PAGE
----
Destructiveness

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Dogs, especially young dogs, like to chew things. Hopefully you have provided a wide selection and ample supply of chew toys for your foster pup to choose from, so that she won't be tempted to gnaw on your table legs instead. Manage her environment to remove temptations: if you leave your favorite shoes lying around in easy reach, and the foster pup destroys them, that's your fault, not hers.

A pair of Chihuahuas abandoned in a backyard, taken to Liberty County AC, and rescued by Carpathia Paws in November 2011

If you're having problems with digging, the fix is even simpler: don't leave your foster dog alone in your yard. Some breeds, particularly terriers, dachshunds, and other "earth dogs," have been selectively bred for hundreds of years to pursue small prey underground. You can't expect these dogs not to dig; the instinct is in their blood. If the foster pup were your dog, and you had the space to spare, it might even be worthwhile to build a dedicated doggy sandbox in your yard. But since this dog is likely to be a temporary tenant in your life, unless you plan to dedicate yourself to similar breeds in the future, it's probably best just to manage the problem by limiting the dog's access to your yard and garden.

When you leave the home or are otherwise unable to supervise your foster pup, crate her. Put a stuffed Kong and a favorite chew toy in there to keep her occupied, and don't leave her crated more than a few hours per day, but use the crate.

Make sure your foster dog is getting plenty of exercise, both physical and mental. A dog who has acceptable outlets for her energy is less likely to burn it off by destroying your things. Puppies play constantly; healthy adolescents and young adults of most breeds need a minimum of 60 to 90 minutes of vigorous exercise per day. Mature adults still need 30 to 60 minutes. Walking on leash does not count as vigorous exercise for most dogs. Jogging, off-leash hiking, or romping at the dog park (assuming your foster pup is up to date on vaccinations and appropriate flea, tick, and worm preventatives, and is dog-social enough to enjoy the park safely) are better alternatives.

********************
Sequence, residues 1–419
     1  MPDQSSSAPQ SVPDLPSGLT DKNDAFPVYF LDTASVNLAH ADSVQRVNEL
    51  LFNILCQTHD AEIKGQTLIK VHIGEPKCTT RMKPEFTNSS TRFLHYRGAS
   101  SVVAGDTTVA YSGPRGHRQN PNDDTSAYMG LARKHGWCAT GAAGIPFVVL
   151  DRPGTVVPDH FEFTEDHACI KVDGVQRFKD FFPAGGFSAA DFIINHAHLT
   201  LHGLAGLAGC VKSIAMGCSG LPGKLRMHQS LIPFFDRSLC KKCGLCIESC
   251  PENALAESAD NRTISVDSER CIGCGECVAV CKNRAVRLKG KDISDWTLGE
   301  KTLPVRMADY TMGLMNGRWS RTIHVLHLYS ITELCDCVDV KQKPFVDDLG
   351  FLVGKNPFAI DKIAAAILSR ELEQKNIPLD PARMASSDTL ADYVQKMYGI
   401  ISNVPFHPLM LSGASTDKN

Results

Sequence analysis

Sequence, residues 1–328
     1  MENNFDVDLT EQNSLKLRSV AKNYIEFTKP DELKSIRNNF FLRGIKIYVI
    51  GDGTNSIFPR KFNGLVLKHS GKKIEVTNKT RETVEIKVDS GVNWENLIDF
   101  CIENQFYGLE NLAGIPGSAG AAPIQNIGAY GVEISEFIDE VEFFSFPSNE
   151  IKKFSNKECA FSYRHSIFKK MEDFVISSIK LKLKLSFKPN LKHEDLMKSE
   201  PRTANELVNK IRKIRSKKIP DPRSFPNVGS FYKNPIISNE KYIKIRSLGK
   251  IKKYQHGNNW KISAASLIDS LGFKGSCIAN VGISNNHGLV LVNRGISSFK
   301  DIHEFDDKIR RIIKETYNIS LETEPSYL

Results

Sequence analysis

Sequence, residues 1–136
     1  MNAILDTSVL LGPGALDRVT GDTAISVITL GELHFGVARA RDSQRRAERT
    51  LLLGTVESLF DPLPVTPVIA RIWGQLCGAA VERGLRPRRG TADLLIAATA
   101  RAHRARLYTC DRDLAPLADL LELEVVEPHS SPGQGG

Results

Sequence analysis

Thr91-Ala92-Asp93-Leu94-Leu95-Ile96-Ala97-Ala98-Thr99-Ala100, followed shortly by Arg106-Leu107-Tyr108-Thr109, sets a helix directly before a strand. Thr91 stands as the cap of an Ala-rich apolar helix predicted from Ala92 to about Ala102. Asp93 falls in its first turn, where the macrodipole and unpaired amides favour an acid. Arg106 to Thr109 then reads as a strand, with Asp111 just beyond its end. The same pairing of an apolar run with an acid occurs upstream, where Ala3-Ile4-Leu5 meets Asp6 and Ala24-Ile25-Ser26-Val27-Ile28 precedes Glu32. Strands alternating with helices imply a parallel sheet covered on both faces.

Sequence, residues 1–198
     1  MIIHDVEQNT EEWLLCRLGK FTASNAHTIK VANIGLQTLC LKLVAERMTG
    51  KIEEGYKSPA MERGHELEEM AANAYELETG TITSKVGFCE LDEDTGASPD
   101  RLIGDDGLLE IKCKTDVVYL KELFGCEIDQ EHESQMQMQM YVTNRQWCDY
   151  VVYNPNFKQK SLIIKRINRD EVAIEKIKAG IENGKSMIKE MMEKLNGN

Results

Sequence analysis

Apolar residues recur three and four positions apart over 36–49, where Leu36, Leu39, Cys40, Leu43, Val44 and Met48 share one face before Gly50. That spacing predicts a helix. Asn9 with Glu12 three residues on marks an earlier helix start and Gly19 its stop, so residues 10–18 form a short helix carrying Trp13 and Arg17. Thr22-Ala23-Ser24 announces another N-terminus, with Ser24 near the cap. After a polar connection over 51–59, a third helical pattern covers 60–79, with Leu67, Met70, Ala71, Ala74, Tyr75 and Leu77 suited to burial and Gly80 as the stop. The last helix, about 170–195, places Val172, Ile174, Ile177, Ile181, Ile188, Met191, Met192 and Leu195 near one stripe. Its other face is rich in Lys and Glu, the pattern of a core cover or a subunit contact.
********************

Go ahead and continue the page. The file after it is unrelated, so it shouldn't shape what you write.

After the first week or so, walk in new neighborhoods: seeing new sights and smelling new smells is more interesting, and thus more mentally tiring, than the same-old same-old of your own block. Training is great stimulation; practicing Obedience 101 and schooling your foster dog in a few tricks are valuable exercises not only for their own sake, but in keeping your dog entertained and mentally limber.

If your foster dog only destroys things when you aren't around, and especially if her damage is focused on doorways, windowsills, and other thresholds, it is possible that what you're dealing with is not destructive boredom, but separation anxiety.